I am not sure if Borlotti beans have been bad boys or villains, due to the number of aliases, or other names that they have, among which are Cranberry beans, French horticultural beans, Saluggia or Rosecoco beans. On first glance you may think they are a cross between Runner and Broad beans, but their colour soon shows their type due to the pods being flecked a reddy pink on yellow, whilst the beans (or seeds) are a stripey red. The borlotti bean (if puchased dry) should be soaked over night and it is suggested that the stripes fade, whilst others say the stripes are more apparent, this may be due to any additives when boiling such as herbs or salts, if boiling add a little salt afterwards to stop the beans from going tough.
The beans themselves have a sweet flavour with a smooth creamy texture. If growing your own so you may taste them fresh, there is no reason not to grow more, as they can be dried or left to dry in the pods and stored or fresh frozen enabling you to enjoy them at a later date.
If you wish to grow the beans, you can start them in the green house, but please don’t plant them outside until you are sure there will be no further frosts or cold winds, grow them with supports like wig wams as they are a pole or climbing bean.
Having seen them for the first time you may wonder how the Borlotti bean can be used, so to list a few of the uses, as they are used largely in Central and Northern Italy cooking for soups, Pannisa, Pasta E Fagioli, Minestrone, or bakes, dips and Ribolitta. Also as they have a sweet buttery taste they go well with bitter ingredients like chicory and other peppery products.
With all the varying suggestions for use I feel it would not be prudent of me to leave you without at least one or two recipes for you to test the flavour of Borlotti beans, so the first recipe is for Tuscan pasta bake, whilst the second is for a soup Pasta e Fagioli, if you cannot find Borlotti beans ask for Cannellini beans (you will see that this is one of the alternate names for these beans).
TUSCAN PASTA BAKE.
As you can tell by the name it is baked in the oven, so a suitable baking dish should be used, into which all the ingredients will be placed.
To make a serving for 4 people you will need :-
14 oz or a 400g can of beans, or a similar amount of (soaked) dry beans.
14 oz or 200g of canned tomatoes.
7oz or 200g of pasta twirls (or your choice of shapes).
2oz or 50g of black olives.
3 Sticks of celery (chopped)
1 teaspoon of mixed dry herbs.
1/4 bottle of red wine.
1/2 teaspoon of salt.
1 vegetable stock cube.
Add the beans, herbs, stock cube, olives, tomatoes and salt, together with the celery, and mix gently avoiding damaging the beans, then add the wine mixing gently, finally topping up with water so that it does not quite cover the mix. copver with aluminium foil and placing in a pre-heated oven at 190c or gas mark 5 and cook for 25 mins, take out the dish, stir the contents and place back in the oven for a further 20 mins, 5 mins before the end of the second cooking stage, remove the foil to give you that delicious golden brown on the top.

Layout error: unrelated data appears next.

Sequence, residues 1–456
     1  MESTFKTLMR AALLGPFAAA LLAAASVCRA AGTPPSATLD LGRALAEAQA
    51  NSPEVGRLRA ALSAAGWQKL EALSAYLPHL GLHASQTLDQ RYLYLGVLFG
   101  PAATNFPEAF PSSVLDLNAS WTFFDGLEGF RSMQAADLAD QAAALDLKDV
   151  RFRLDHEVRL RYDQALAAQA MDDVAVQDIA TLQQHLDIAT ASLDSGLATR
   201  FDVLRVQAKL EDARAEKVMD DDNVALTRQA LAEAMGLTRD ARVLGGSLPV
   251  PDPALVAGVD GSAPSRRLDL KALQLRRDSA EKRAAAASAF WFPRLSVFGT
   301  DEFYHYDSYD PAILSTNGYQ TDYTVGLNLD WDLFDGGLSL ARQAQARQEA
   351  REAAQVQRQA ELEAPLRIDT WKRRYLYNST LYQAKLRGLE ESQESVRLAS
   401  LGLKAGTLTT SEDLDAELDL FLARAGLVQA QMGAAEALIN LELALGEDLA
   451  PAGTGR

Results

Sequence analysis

FRED’S Note, whilst the above recipe tends to be original you may want to omit say the olives or even add sausage or bacon (cut some of the salt if the bacon is salty), or even substitute a cream, curry or peppery sauce instead of the wine, these are some of the differences that can be made.
The next recipe is for soup, which is not the best of desciptions for a meal that has a little bit of wow factor!, but I leave you to decide.
Pasta e Fagioli.
This is a serving for 8 people and takes up to 4 hours to cook.
1 very large pan.
1 lb or 500g of Borlotti beans (soak for 4hours if using dried).
8 pealed medium sized potatoes cut into chunks.
2 crushed gloves of garlic.
3 tablespoons of tomato paste.
2 onions peeled and left whole.
1 small chilli.
2 medium sized carrots cut into chunks.
1 gallon of water or 5 ltrs.
10 ozs or 300g og thin egg fettuccini.
Grated parmesan cheese.
Red wine vinegar.
With the exception of the oil, vinegar, parmesan cheese and fettuccini, add all the ingredients to the pot covering with water and adding the lid, boiling for 3 to 4 hours, obviously some of the ingredients will break down or soften and it will look like a thick coffee, so at this stage it should be allowed to cool. When cool enough to work, remove around half of the beans and all of the other vegetables that are still whole and pulp them through a sieve or similar, then retun this back to the pot, now bring it to the boil gently, adding water if you feel the mix is too thick, add the fettuccini, stirring so none of the ingredients stick in the pan. Once the pasta is cooked, add the parmesan cheese. although you may have made too much, the mix will improve if stored in the refridgerator, serve the Fagioli with olive oil and the vinegar, I feel also that some people like to add a liitle more grated parmesan, at the table.
Whilst classed as a soup this can prove to be a meal in itself, and remember that it is an ideal filler/warmer for those cold wintery evenings, once again items like ham, bacon, sausages or suaces can be added to make a soup of your choice flavour.